Recent progress

Some recent progress:

  • For front-facing programs, the key metrics we focus on have (more than) doubled in the last 12-24 months. For instance:
    • The events team is on track to facilitate roughly twice as many new connections as they did in 2019. We hope this means that many more people are getting mentorship, advice, and career opportunities.
    • We had as many calls with group leaders in the last three months as we did in the whole of last year.
    • More generally, it seems that the activities of EA groups are growing rapidly (maybe as much as 400% in some areas), and our support (via retreats, funding, etc.) is contributing to this.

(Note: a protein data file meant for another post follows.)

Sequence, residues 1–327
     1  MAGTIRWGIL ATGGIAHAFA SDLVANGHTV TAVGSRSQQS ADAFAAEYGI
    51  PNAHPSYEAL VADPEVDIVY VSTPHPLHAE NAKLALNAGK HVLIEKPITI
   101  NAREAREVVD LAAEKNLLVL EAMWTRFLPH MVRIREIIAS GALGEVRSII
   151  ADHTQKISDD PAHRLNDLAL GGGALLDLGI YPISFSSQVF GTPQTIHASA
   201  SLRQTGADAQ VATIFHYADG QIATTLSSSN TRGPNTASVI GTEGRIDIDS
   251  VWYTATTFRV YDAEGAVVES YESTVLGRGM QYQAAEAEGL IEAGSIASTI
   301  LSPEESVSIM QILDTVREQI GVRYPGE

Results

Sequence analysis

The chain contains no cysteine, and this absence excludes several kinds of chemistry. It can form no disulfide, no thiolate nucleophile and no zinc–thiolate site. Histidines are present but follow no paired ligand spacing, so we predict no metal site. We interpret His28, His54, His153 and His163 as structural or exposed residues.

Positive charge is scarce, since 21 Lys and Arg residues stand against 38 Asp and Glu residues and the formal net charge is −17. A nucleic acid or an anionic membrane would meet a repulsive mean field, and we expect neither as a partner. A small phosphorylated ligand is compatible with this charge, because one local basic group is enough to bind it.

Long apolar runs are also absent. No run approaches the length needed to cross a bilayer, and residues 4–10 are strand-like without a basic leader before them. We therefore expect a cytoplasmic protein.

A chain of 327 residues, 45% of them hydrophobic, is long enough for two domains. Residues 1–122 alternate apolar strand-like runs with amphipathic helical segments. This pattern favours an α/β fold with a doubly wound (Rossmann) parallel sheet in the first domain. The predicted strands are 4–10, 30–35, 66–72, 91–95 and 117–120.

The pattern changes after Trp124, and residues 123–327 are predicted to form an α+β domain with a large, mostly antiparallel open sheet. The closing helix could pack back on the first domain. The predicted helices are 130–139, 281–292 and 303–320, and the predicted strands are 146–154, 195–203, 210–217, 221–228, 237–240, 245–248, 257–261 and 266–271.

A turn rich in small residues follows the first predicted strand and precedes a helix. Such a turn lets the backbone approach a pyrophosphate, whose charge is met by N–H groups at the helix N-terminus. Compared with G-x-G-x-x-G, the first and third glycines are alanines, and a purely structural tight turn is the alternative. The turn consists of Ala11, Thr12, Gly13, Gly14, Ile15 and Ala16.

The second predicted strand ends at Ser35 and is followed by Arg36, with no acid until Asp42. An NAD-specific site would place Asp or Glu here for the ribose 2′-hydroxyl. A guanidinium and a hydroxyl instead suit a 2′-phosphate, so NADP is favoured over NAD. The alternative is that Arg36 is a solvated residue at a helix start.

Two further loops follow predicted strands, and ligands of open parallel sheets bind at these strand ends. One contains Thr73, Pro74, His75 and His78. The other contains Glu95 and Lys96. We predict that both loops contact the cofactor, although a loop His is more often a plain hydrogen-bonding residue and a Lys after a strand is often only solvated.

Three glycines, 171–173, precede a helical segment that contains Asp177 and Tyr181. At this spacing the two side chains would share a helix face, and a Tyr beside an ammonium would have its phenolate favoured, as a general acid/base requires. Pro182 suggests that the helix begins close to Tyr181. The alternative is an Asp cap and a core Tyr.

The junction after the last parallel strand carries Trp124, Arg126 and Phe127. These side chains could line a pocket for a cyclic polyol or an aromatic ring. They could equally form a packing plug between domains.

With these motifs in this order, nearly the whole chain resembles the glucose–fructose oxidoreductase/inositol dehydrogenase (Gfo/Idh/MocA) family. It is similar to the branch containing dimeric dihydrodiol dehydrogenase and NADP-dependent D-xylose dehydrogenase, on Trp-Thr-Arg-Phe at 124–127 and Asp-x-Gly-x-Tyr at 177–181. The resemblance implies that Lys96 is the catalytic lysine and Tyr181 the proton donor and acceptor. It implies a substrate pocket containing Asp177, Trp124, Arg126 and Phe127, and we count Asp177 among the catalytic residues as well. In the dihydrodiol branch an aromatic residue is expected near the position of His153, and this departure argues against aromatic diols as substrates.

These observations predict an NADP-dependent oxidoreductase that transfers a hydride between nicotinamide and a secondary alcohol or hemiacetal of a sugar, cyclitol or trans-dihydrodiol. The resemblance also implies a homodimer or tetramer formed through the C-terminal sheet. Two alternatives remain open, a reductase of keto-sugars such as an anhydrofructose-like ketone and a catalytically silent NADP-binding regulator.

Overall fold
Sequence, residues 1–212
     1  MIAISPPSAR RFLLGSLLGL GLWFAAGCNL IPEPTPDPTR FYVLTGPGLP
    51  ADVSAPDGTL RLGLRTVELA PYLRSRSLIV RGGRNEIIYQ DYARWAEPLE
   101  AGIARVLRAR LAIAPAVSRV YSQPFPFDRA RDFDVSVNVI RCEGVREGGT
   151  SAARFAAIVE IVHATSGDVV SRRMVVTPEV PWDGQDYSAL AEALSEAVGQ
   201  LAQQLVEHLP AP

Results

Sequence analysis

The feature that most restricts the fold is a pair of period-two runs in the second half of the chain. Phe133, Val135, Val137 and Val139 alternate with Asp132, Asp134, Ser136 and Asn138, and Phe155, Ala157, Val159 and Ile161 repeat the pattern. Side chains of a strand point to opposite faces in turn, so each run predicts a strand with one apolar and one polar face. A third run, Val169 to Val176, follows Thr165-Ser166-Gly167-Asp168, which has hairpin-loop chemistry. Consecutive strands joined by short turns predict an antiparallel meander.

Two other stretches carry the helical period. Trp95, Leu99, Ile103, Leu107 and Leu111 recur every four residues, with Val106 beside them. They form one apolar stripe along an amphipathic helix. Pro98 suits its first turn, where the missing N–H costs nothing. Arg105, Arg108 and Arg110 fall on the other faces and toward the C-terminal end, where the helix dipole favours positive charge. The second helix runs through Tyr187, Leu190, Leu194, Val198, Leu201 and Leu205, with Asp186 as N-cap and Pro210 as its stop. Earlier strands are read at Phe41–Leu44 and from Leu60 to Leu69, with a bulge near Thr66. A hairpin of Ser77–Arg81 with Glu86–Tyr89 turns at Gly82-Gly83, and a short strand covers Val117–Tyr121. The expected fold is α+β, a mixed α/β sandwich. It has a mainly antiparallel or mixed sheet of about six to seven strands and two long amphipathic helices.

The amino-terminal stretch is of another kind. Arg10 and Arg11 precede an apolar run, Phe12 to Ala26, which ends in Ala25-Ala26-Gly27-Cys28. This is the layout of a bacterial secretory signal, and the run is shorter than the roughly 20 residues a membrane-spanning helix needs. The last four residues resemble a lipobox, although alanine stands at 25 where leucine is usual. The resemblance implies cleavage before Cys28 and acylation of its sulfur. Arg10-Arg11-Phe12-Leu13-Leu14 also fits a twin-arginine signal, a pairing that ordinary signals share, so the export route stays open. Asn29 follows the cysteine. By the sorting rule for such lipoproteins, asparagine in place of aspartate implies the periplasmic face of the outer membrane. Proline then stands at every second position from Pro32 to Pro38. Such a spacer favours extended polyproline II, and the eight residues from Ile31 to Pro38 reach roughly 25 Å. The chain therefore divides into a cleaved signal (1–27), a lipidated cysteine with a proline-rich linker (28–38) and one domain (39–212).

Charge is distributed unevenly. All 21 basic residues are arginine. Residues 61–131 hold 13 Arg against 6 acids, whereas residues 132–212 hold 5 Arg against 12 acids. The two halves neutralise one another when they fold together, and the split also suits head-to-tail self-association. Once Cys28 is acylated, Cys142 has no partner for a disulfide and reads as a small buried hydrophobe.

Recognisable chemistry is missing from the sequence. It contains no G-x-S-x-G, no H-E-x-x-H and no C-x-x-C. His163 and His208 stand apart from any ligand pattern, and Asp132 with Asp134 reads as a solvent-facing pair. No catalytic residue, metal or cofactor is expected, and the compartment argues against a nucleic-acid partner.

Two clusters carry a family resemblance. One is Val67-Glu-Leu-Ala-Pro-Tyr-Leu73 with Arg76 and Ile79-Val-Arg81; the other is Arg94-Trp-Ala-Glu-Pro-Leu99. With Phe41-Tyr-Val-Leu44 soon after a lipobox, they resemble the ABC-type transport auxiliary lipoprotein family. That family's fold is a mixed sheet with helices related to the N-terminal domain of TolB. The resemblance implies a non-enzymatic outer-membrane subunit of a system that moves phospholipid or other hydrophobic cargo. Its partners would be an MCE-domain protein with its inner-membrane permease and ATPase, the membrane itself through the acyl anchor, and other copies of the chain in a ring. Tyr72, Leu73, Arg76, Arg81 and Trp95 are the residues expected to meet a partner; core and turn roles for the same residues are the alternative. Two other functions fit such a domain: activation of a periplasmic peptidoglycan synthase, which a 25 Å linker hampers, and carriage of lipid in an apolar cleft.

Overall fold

• The number of hours people spent logged in to the EA Forum doubled in the last year. Many more people are regularly engaging with some of the community’s best new ideas and resources.
  • We introduced and grew some new products and programs to complement our previous products:
    • Virtual Programs, which have helped over 1000 people learn more about EA ideas in the past year. This has helped to seed new groups, get people more involved in EA, and ensure that high-fidelity versions of EA ideas are shared worldwide.
      • The latest EA Handbook, a set of readings based on the curriculum for our introductory virtual program, which has helped hundreds of additional readers work through similar content at their own pace.
    • A new groups/events platform, which we hope will make it much easier for people to transition from online engagement to in-person engagement.